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Agustina Palacio de Libarona

Other names/titles: La Heroína del Bracho
Gender: F
Ethnic origin: White

Biographical details

Born in Santiago de Estero on 1 February 1821, her parents were María Antonia Gastañaduy, daughter of the last governor of Santa Fe, and Santiago Palacio. She married José María Libarona in 1838. They fled for Buenos Aires in 1840 after a rebellion, Libarona was betrayed by a guide and imprisoned. He went mad in prison and could no longer recognise Palacio. She and their two daughters were left to fend for themselves, she built a shelter and marked out a plot on which she grew maize and pumpkins. Libarona died in 1843, Palacio buried him in the forest and returned to Santiago del Estero, her family barely recognised her. She died in 1863. (Sosa de Newton, 470)

In 1856 French scientist Martin de Moussy and his companion, Benjamin Poucel, surveyed Argentina and its people. They heard of "La Heroína del Bracho" and met her in July 1856. Poucel described her as an angelical being. Her story had been told and re-told since the 1850s. She had kept a diary that an Italian traveller, Paolo Mantegazza, quoted around 1866. Mary Berg claims that Palacio's story is a "timeless testimonio". In September 1840, Santiago de Estero was controlled by Felipe Ibarra, Rosas's ally. Libarona, Palacio and their baby daughters had gone to Santiago de Estero from their Salta home to visit Palacio's family. While they were there, there was an uprising against Ibarra who was driven out of town. Libarona (who had legal experience) was asked to draft a declaration to elect a new governor. But Ibarra re-took Santiago de Estero Ibarra's soldiers came to arrest José María de Libarona who was away from home. Palacio hid, terrified, unable to reach her daughters, Elisa and Lucinda, who were crying in another room. Ibarra's men caught Libarona, tied him to a horse and dragged him through the town and imprisoned him. Palacio tried to obtain his release, and stayed with him in the camp with her daughter Elisa, but they returned to Santiago de Estero at Libarona's request as he feared for their safety in the bad conditions and also the threat of Indian attacks. He smuggled messages to her while he could, but was moved further away into the Gran Chaco and became too ill to write. Learning of his illness, Palacio went to visit him. He was too ill to recognise her, but she nursed him for a year, before he died. She survived during this time by working as a wet-nurse to an Indian woman, and by sewing clothes. She was helped by a man who she had cured from an infected bite and he organised her return to Santiago de Estero, which Ibarra still controlled. She arrived at her parents' home in a terrible state. As soon as possible the family moved to Tucumán. She lived in Salta in the 1850s. Berg believes that she probably told her story after Rosas's fall and she became "La heroína del Bracho", a model wife and "a public symbol of unjust victimisation". In reproducing Palacio's story, Berg points out the differences in the texts (reproduced in 1925 and in 1946) (Berg, 125-139)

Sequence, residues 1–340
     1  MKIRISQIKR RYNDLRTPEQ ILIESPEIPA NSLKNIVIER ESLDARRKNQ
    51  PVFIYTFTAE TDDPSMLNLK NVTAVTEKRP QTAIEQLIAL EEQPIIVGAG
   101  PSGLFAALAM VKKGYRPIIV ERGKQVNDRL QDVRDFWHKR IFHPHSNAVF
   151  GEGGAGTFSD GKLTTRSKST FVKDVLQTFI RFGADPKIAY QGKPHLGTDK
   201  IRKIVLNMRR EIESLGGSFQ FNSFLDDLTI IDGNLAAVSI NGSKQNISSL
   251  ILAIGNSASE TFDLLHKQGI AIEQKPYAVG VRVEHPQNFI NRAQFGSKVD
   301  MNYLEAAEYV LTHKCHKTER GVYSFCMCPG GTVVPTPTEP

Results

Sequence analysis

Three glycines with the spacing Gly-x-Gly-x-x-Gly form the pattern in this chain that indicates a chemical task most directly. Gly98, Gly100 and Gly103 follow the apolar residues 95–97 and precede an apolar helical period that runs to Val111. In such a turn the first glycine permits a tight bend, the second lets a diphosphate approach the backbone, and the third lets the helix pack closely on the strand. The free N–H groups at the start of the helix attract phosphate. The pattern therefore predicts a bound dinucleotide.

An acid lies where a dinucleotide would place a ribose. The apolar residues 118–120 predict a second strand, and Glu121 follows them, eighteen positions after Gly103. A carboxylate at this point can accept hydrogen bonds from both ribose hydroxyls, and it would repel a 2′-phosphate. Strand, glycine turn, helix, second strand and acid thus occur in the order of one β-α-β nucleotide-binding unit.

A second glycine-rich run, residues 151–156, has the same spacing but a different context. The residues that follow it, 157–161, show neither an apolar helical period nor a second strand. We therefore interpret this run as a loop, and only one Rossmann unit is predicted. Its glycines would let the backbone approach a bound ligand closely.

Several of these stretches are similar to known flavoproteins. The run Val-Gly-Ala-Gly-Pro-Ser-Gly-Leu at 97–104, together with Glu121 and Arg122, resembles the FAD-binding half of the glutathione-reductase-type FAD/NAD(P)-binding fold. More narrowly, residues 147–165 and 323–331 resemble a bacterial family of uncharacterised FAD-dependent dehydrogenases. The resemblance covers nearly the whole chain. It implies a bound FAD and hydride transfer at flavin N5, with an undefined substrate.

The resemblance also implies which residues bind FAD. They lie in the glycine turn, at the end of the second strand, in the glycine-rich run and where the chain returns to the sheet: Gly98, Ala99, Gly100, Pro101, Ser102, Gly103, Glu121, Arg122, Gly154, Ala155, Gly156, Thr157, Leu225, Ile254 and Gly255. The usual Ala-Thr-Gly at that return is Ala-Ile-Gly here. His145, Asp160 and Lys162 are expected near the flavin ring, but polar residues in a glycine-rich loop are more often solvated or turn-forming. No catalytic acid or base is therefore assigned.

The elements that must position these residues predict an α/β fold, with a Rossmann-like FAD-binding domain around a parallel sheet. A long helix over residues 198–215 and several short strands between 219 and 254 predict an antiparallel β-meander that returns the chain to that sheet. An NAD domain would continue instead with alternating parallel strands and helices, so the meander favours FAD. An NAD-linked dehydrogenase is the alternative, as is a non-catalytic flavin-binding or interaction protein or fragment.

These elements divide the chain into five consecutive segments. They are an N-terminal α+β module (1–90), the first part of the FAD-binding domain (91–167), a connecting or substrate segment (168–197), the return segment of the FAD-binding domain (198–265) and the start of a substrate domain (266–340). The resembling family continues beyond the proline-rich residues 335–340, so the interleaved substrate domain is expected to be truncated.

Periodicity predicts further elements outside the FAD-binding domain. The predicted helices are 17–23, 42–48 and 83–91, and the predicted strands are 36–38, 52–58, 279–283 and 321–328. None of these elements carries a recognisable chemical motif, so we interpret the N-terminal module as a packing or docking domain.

Life Events

Born 1821She was born in Santiago de Estero.
Married 1838She married José María Libarona.
Other 1840She fled for Buenos Aires after a rebellion.
Other 1843Her husband died.


Sosa de Newton, Lily, (1986), Diccionario biográfico de mujeres argentinas

Maier, Linda S., and Dulfano, Isabel, (2004), Woman as Witness: Essays on Testimonial Literature by Latin American Women


Testimony: Infortunios de la matrona santiagueña doña Agustina Palacio de Libarona la Heroína del Bracho (1840-42)


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